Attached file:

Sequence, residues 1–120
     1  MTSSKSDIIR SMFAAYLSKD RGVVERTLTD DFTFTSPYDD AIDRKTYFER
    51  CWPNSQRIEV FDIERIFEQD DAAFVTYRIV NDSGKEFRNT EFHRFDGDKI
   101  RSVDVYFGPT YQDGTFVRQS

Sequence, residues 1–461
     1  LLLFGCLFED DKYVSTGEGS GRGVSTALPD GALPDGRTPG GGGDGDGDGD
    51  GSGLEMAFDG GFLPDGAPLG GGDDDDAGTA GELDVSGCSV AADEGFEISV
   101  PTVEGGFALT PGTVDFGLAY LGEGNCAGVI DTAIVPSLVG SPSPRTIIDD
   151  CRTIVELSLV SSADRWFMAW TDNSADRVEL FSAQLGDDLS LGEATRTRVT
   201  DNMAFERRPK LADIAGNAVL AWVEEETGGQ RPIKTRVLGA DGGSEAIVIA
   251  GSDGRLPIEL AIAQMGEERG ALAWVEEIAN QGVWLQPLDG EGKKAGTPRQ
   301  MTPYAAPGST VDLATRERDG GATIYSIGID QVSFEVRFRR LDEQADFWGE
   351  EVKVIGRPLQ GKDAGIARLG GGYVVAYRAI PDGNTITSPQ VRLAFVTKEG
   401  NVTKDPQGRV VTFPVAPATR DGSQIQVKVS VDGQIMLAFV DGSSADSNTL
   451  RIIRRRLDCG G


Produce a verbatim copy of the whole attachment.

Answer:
Sequence, residues 1–120
     1  MTSSKSDIIR SMFAAYLSKD RGVVERTLTD DFTFTSPYDD AIDRKTYFER
    51  CWPNSQRIEV FDIERIFEQD DAAFVTYRIV NDSGKEFRNT EFHRFDGDKI
   101  RSVDVYFGPT YQDGTFVRQS

Sequence, residues 1–461
     1  LLLFGCLFED DKYVSTGEGS GRGVSTALPD GALPDGRTPG GGGDGDGDGD
    51  GSGLEMAFDG GFLPDGAPLG GGDDDDAGTA GELDVSGCSV AADEGFEISV
   101  PTVEGGFALT PGTVDFGLAY LGEGNCAGVI DTAIVPSLVG SPSPRTIIDD
   151  CRTIVELSLV SSADRWFMAW TDNSADRVEL FSAQLGDDLS LGEATRTRVT
   201  DNMAFERRPK LADIAGNAVL AWVEEETGGQ RPIKTRVLGA DGGSEAIVIA
   251  GSDGRLPIEL AIAQMGEERG ALAWVEEIAN QGVWLQPLDG EGKKAGTPRQ
   301  MTPYAAPGST VDLATRERDG GATIYSIGID QVSFEVRFRR LDEQADFWGE
   351  EVKVIGRPLQ GKDAGIARLG GGYVVAYRAI PDGNTITSPQ VRLAFVTKEG
   401  NVTKDPQGRV VTFPVAPATR DGSQIQVKVS VDGQIMLAFV DGSSADSNTL
   451  RIIRRRLDCG G